Nepal on the Move: Conflict, Migration and Stability

Migration Among Religious and Ethnic Minorities

Cameron Warner

Objective of sub-study 3Sub-3

This sub-project will study the practices and discourses surrounding intersections between religion and ethnic minority status, and their subsequent impact on internal migration patterns in Nepal.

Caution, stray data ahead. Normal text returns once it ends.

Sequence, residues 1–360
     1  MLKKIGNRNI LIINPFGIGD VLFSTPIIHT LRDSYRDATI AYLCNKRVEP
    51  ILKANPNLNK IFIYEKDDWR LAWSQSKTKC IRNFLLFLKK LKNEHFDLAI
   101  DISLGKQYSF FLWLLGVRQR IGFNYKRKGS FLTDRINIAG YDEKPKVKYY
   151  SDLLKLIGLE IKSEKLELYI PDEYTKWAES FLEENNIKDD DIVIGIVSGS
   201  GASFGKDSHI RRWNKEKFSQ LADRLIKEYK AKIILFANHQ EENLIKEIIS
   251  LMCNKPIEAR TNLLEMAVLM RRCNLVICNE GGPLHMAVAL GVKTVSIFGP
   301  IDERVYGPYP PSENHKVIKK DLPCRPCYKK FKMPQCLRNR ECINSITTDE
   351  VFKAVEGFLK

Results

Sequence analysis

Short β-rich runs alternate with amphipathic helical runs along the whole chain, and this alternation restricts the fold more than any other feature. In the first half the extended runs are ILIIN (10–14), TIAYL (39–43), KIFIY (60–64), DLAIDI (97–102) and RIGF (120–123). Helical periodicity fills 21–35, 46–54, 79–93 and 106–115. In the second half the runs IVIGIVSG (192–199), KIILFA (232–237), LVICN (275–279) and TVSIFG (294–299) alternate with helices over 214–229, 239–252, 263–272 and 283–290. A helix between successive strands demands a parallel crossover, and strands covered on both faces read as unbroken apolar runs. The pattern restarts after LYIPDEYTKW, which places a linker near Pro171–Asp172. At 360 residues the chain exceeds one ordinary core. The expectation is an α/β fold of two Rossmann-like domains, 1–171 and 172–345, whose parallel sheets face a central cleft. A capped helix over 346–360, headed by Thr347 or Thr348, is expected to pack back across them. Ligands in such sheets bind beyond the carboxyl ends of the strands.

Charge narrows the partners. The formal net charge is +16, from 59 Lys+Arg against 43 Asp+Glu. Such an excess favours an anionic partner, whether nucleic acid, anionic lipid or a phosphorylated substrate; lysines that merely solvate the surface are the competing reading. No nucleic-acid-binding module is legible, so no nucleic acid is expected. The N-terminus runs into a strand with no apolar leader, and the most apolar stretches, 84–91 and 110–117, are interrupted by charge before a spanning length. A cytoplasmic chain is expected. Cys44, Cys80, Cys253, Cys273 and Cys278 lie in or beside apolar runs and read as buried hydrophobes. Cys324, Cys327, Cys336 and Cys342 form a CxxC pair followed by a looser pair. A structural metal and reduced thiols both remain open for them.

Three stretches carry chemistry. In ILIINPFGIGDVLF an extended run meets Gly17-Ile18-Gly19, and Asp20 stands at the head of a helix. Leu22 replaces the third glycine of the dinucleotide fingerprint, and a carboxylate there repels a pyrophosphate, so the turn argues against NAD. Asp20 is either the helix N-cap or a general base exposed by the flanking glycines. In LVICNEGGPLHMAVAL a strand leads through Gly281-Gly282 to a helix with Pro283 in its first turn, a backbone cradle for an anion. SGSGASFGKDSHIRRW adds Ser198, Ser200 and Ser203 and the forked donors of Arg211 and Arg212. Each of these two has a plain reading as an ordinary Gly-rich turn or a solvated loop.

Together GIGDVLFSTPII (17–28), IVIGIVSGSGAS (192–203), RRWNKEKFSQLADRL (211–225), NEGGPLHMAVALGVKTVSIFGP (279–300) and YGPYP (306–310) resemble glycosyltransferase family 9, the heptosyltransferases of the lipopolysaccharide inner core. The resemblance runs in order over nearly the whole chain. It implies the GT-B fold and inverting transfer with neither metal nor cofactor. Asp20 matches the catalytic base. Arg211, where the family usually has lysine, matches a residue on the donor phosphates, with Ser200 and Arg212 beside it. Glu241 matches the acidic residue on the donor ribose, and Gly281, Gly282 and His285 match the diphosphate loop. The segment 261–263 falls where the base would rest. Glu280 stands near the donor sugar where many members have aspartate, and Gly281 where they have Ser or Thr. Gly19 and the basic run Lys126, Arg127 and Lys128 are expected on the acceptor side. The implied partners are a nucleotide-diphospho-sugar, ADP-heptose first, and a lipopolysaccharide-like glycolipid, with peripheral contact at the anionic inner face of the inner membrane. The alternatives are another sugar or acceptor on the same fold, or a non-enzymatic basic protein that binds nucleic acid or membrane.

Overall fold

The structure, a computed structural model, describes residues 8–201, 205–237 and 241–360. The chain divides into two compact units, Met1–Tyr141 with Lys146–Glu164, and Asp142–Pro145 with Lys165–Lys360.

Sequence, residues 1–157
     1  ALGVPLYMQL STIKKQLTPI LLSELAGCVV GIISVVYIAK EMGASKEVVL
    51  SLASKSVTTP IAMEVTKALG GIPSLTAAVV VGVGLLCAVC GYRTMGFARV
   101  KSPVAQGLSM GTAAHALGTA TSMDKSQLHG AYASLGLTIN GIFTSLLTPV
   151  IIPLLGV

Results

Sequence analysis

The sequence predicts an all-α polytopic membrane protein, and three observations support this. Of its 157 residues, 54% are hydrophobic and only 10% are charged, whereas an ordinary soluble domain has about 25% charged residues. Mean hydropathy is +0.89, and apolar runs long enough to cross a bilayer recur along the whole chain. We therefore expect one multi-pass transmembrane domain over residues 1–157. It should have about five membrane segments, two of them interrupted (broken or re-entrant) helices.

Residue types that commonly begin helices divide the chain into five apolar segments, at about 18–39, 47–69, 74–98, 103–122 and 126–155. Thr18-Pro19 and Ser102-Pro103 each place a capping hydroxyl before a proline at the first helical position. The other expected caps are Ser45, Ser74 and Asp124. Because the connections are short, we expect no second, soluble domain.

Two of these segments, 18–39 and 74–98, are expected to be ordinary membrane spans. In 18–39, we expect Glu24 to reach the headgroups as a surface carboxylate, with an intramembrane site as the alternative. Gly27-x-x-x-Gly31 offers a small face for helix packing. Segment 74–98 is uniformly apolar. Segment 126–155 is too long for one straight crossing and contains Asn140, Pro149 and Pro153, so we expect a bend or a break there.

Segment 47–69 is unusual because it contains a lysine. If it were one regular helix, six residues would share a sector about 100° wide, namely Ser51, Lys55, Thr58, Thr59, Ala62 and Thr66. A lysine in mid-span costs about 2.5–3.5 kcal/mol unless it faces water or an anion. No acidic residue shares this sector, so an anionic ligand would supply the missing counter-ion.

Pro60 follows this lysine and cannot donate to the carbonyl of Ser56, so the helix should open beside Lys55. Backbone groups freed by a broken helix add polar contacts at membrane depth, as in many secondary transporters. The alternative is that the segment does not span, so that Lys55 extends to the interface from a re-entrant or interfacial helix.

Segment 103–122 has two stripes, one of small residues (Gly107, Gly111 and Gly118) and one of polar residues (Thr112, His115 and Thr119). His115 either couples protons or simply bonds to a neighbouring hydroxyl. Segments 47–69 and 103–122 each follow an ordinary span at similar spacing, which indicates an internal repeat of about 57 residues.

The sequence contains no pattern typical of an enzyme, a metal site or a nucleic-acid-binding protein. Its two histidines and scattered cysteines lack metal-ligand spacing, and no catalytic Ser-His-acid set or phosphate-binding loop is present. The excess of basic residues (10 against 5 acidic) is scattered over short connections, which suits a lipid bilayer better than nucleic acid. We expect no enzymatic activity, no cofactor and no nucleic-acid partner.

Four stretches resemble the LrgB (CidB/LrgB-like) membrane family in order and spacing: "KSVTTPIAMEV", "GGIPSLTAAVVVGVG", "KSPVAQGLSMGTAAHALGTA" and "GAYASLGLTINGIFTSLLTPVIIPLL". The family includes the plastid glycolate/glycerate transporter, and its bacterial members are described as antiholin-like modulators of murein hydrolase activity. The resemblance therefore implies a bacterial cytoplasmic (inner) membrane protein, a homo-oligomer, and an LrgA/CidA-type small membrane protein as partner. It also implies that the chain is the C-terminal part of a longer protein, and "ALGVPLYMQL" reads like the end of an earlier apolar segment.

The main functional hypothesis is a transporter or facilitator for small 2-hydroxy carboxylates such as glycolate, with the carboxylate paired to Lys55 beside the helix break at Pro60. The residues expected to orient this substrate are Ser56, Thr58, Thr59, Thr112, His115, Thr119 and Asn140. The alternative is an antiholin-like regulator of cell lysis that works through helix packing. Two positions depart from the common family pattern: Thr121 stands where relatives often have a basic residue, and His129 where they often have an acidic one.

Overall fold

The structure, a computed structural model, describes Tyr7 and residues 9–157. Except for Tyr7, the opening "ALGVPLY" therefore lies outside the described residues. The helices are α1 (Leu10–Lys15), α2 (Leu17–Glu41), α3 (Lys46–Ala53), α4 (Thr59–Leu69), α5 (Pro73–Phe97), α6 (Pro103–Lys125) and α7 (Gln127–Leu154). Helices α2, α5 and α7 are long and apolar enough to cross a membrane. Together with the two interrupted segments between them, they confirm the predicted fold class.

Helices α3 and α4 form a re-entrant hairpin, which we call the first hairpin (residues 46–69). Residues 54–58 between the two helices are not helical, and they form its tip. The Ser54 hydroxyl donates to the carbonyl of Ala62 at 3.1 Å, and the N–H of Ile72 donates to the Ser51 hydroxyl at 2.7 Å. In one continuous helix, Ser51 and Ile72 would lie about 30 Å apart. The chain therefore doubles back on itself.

The project will focus on the internal migration and every-day politics of Tibetan Buddhist Nepali citizens, including both Tibeto-Burman minorities and relatively recent converts to Buddhism. The project brings into conversation normative Buddhist and analytical conceptions of mobility, rural development, and identity. The selection of three distinct Buddhist groups as informants allows for a comparison across ethnic, class, caste, age, linguistic, cenobitic/eremitic, and non/celibate spheres. After 1959, 20,000 Tibetans went into exile in Nepal. Eventually, Buddhist lamas from Tibet began constructing large, cenobitic monastic schools in the Boudhnanath and Svayambhunath suburbs of Kathmandu. For demographic reasons, these institutions began educating thousands of poor Nepali children whose parents are culturally Buddhist. Simultaneously, the charismatic leaders of these monasteries began attracting wealthy foreign patrons and local converts from among Bahun, Chetri, and Newari families.